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Twenty20 gets big in Windies

The Stanford competition is scheduled for July-August with as many as 19 teams from the region featuring in it.

india Updated: Jun 06, 2006 13:14 IST

The Asian lobby is still averse to the concept but Twenty20 is happening - or rather, about to happen - in a big way in the Caribbean. A competition in this variety of the game featuring as many as 19 teams from the region is set to take place in Trinidad during July-August.

The event, called Stanford Twenty20, is unique because it's different from the Caribbean first-class and one-day competitions, which involve six teams affiliated to the West Indies Cricket Board (WICB).

The most interesting part of this story is that a West Indies team selected on the basis of how the players fare in this competition will face South Africa in a one-off Twenty20 tie in November where the winners will bag a whopping $5 million as prize money.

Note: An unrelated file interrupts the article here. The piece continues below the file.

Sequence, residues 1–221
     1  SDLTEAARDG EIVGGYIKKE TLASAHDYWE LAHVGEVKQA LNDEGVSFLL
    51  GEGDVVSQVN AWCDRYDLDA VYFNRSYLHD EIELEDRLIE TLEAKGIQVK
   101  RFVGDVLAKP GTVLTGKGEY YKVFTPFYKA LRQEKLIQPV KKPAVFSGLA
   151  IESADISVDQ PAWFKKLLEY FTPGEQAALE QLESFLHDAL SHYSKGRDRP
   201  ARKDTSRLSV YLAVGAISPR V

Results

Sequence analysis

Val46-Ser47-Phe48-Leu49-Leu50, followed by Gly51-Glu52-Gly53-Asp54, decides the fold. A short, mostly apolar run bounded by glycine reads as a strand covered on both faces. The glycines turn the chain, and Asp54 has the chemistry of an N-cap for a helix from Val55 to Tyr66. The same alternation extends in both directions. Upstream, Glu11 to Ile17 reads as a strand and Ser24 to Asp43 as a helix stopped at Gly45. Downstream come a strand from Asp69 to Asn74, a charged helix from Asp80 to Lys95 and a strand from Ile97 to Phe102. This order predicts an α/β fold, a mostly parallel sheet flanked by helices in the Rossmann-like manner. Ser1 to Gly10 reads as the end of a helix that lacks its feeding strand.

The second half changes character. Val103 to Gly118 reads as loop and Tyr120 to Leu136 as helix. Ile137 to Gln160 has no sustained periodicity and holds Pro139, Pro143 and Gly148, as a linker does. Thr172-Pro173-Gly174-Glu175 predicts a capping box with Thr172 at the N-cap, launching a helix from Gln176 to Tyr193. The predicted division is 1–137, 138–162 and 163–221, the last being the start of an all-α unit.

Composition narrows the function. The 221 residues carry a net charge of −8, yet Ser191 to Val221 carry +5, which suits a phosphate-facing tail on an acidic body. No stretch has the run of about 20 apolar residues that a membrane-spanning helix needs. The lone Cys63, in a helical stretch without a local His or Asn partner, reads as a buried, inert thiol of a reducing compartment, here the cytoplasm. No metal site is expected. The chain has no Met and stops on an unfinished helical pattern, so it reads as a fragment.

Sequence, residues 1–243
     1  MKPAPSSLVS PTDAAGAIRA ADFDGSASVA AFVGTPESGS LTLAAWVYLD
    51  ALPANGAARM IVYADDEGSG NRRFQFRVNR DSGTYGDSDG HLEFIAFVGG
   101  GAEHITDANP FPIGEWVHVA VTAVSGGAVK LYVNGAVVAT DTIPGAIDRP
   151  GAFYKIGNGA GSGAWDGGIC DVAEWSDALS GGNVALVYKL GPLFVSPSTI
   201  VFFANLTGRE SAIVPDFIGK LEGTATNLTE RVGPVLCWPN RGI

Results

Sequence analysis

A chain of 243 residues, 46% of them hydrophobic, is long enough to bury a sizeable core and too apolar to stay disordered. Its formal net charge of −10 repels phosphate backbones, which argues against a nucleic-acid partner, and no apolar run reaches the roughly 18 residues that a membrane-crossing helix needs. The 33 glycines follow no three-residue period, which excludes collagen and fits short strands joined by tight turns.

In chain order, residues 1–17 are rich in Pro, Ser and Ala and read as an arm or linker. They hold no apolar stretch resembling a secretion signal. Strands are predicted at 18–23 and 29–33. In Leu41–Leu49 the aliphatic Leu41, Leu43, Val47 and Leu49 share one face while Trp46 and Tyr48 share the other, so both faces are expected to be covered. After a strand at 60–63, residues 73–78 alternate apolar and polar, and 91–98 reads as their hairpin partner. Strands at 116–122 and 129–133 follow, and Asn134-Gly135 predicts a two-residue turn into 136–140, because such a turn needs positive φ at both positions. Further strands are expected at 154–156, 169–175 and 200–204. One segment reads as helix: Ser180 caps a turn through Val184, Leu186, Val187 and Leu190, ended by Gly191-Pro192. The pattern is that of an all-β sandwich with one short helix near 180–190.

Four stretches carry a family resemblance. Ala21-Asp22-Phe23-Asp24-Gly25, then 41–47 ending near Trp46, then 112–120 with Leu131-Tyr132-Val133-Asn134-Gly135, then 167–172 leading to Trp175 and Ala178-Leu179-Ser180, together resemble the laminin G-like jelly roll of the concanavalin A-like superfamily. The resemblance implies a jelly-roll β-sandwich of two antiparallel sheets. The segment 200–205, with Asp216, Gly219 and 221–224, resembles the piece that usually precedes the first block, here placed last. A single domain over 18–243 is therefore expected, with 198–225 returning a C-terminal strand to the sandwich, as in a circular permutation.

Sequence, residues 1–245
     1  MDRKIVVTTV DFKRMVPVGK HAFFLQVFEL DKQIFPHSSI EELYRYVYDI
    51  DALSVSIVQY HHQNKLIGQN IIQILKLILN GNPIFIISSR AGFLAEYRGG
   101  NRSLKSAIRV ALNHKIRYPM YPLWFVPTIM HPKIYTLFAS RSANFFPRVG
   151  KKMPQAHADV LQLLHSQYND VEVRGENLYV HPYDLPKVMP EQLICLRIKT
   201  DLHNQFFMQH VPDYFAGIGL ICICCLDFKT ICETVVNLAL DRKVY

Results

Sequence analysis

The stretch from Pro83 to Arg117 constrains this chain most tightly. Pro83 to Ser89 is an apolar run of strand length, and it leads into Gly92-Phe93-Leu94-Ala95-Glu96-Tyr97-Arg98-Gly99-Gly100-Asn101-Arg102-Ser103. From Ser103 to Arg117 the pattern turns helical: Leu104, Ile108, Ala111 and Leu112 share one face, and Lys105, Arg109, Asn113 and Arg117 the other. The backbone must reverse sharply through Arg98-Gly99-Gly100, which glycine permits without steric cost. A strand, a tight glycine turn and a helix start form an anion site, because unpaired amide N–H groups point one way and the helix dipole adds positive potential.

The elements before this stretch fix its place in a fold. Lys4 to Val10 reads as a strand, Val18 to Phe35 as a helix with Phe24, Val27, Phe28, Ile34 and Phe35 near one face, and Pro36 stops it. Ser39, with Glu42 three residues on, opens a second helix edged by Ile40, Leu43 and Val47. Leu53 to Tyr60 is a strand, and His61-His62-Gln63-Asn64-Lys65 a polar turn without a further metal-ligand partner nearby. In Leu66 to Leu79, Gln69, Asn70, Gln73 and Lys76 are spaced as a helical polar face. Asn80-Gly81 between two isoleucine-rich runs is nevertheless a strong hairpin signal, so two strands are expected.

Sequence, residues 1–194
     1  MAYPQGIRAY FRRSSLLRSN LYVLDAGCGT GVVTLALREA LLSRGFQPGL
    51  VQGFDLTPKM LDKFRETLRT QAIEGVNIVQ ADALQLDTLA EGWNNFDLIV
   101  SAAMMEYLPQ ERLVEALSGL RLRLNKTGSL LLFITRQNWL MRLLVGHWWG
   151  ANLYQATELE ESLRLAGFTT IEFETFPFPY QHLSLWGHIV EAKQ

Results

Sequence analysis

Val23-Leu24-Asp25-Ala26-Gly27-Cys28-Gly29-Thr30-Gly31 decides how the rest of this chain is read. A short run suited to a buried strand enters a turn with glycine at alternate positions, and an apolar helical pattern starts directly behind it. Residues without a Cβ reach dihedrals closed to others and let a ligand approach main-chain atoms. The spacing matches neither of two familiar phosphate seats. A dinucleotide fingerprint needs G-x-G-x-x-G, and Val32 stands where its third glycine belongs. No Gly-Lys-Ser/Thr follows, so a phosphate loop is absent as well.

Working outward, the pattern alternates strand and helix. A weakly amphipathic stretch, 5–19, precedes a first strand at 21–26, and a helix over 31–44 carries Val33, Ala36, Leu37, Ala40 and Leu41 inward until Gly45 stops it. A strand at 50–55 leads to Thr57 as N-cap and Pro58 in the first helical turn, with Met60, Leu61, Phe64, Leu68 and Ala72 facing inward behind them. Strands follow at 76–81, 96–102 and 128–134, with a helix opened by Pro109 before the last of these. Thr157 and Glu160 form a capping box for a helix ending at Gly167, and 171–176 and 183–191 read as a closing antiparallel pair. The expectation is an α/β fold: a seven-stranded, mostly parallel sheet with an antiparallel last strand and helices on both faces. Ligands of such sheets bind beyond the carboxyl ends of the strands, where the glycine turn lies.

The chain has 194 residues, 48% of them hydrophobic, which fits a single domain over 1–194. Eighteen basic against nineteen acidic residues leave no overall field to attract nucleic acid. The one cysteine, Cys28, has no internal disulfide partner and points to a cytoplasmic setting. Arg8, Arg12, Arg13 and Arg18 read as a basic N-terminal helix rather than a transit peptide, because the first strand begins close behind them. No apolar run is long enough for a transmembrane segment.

The Stanford Twenty20 event is not a mean affair either. It offers the champions $1 million.

Organisers have appointed 14 former West Indian players to oversee how the 19 participating teams are preparing.

Viv Richards, who's looking after Guyana and Montserrat (a part of Leeward Islands), says, "A lot of people left the ship with the West Indies not doing well in the international scene."

"This event is aimed at breeding competitiveness and we hope that a large part of that population will be back to cricket if this one clicks," he added.

Curtley Ambrose is in charge of St Kitts and Nevis (the two are fielding separate teams despite being one country), Andy Roberts is working with Jamaica, and Richie Richardson is involved with Dominica and Keyman Islands.

The Caribbean domestic competition, called the Carib Cup - and previously known as the Busta Cup, Red Stripe Cup and Shell Shield - is restricted to six teams, Barbados, Guyana, Jamaica, Trinidad and Tobago, Leeward Islands and Windward Islands, the last two being conglomerations of different nations.

The Stanford Twenty20 event is more microscopic in nature and wants to target islands that do not figure prominently on the Caribbean cricket map.

There is no confirmation whether it will become an annual event, but the involvement of legends such as Richards and Roberts and the amount of money associated with it is significant.